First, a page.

Focus on getting the ball into the
hole not your stroke mechanics.
Unconscious putting boils down to getting out of your own way and letting it happen. On the course it is too late to putt consciously, this is the preserve of the practice putting green.
Unconscious Putting is the title of a book by Dave Stockton. Unlike his earlier book Putt to Win that deals with stroke mechanics, the focus of this book emphasises getting the ball into the hole.
It is an informative read as it gets you locked into the line of your putt and target rather than second-guessing yourself by thinking when over a putt.
Putting with an empty mind so to speak.
There are three aspects to becoming a better putter.
Timothy Gallwey in his book The Inner Game of Golf talks about 'Self 1' and 'Self 2'.
'Self 1' is the conscious mind, analytical, instruction hungry.
'Self 2' is the body itself, the ability to execute complex motions without verbalisation or deliberate thought.
As every golfer knows putting is without doubt the most demanding part of golf as the margin for error is so small.
As you get nearer the hole, the feeling that you have to get everything perfect increases. This is because a mistake on the green is usually a shot lost.
Tension builds and the conscious mind wants to jump in and take control. However, as Gallwey says, 'Self 1' is a lousy boss and gets in the way of instinctive performance.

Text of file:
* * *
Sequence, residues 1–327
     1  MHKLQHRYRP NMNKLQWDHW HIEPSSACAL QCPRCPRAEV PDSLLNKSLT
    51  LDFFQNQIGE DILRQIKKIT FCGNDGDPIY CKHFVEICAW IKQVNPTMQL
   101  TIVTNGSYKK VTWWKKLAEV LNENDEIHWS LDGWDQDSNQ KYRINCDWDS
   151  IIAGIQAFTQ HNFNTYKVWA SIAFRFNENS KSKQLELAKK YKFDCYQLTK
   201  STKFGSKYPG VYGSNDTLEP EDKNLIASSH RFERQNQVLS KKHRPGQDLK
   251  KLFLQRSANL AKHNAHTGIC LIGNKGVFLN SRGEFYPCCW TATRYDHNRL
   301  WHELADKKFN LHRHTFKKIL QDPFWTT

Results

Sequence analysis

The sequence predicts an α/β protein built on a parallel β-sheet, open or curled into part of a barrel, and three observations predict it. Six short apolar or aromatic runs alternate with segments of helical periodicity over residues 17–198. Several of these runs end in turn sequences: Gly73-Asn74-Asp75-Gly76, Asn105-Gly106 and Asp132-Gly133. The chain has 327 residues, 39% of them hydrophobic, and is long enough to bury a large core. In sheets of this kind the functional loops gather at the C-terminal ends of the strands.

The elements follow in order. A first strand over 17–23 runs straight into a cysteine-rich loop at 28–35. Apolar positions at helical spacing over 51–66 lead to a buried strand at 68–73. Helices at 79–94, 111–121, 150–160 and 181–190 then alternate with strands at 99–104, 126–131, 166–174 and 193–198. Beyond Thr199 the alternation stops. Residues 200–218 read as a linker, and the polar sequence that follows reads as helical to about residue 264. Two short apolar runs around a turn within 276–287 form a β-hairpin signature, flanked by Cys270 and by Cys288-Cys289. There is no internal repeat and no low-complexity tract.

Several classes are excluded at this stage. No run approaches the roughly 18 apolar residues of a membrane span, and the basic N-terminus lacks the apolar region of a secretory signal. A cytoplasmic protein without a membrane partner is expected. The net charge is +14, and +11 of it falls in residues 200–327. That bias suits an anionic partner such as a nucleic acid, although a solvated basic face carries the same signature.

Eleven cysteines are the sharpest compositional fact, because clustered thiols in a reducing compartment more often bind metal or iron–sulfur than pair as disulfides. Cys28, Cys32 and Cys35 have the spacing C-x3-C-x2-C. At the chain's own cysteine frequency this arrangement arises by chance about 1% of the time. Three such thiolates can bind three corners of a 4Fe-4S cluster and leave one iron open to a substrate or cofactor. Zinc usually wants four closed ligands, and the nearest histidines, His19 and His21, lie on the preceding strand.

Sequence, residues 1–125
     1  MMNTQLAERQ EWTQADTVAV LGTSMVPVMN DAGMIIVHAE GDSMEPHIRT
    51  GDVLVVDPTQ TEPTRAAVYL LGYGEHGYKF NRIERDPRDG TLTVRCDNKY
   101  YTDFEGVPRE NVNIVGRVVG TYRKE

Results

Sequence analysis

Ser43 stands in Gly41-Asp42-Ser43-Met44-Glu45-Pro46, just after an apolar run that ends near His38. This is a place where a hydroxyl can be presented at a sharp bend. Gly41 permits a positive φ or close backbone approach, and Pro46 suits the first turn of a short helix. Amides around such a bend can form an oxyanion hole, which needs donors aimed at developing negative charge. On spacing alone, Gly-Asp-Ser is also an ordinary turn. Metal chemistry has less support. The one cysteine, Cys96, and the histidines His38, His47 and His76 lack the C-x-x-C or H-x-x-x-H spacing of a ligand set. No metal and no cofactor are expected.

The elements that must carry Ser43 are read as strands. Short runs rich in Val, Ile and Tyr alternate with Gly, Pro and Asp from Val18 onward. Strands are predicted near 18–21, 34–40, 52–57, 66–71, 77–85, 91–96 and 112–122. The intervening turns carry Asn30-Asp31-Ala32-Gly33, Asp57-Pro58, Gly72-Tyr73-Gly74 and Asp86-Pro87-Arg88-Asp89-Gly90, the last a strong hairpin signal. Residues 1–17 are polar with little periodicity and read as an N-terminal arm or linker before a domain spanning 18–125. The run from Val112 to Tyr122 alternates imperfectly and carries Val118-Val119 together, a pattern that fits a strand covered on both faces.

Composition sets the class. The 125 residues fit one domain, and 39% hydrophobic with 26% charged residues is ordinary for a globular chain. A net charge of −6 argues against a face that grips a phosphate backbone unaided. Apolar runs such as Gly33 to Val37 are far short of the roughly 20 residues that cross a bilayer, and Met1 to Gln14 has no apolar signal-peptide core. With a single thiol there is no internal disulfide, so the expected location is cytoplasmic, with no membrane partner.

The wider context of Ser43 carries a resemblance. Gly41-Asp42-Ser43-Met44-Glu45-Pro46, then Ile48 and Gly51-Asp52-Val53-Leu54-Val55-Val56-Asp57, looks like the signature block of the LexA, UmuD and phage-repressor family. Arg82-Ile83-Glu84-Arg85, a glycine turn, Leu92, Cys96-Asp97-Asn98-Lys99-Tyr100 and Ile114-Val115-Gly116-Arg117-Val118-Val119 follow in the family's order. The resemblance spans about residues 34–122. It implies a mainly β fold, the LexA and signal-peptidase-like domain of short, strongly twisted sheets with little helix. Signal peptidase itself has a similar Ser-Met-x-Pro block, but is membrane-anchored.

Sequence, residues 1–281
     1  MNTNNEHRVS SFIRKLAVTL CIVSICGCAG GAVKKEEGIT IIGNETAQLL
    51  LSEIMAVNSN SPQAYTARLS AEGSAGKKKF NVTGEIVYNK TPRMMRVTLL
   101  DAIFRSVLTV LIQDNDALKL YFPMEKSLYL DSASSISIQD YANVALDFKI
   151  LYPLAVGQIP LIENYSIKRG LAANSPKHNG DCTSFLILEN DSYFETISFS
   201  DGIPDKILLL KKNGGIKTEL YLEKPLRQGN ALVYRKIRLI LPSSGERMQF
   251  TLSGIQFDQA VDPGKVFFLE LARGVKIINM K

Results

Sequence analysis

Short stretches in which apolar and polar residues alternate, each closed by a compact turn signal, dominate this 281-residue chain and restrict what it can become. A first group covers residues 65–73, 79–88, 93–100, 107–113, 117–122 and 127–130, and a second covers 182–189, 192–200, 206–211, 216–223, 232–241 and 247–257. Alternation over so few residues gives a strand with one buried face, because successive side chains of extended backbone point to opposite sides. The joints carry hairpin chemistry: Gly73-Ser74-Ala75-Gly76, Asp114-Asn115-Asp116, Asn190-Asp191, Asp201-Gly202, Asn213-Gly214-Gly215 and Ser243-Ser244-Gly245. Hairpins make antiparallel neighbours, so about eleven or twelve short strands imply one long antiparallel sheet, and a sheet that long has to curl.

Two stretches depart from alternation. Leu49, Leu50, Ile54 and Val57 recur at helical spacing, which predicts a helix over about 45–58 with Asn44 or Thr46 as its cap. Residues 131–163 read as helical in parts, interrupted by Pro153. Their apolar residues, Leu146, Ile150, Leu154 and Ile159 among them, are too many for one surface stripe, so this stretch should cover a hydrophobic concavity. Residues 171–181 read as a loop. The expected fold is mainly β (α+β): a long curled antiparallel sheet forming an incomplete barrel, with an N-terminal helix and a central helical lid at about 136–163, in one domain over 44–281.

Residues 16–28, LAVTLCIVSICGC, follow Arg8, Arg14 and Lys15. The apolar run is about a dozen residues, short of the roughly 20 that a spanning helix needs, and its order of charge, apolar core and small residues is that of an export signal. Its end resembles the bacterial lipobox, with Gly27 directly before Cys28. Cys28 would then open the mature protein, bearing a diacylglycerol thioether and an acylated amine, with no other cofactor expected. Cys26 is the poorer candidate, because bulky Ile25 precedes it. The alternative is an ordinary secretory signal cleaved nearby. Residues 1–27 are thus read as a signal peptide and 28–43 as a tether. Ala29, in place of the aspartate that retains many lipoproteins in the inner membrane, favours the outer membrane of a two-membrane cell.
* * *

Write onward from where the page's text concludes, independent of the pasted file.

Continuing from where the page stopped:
As performance anxiety increases, the tendency is for the conscious mind to go into overdrive. When you should be letting go and allowing your unconscious mind to run the show, you get in your own way by not trusting your innate ability to get the job done.
Dave Stockton gives the example of signing your name.
It is an everyday occurrence that you perform without thought. However, go back and try to copy your signature and the task becomes awkward. What was done without thought is now more difficult because of a conscious awareness of what you are trying to do.
So what is the secret of doing something successfully without thought?
Charlie Parker, the American jazz saxophonist, gave an insight into this dilemma by explaining that you have to learn your scales and chords, keep your fingers and mind sharp, and listen to lots of great people. Then, once you have done all that, you have to "forget that crap and just play."
Unconscious Putting is the ability to let go and trust yourself. There are only two things that can happen when you putt.
Making the putt doesn't necessarily mean that you holed the putt. It means that you gave it your best shot by letting your brain work out how to get the ball in the hole. In other words suppressing your 'Self 1' and relying on your 'Self 2'.
In the final analysis you can THINK putting and you can PLAY putting. Thinking is the preserve of the practice green, playing is out on the course executing what you have practised. Don't confuse the two.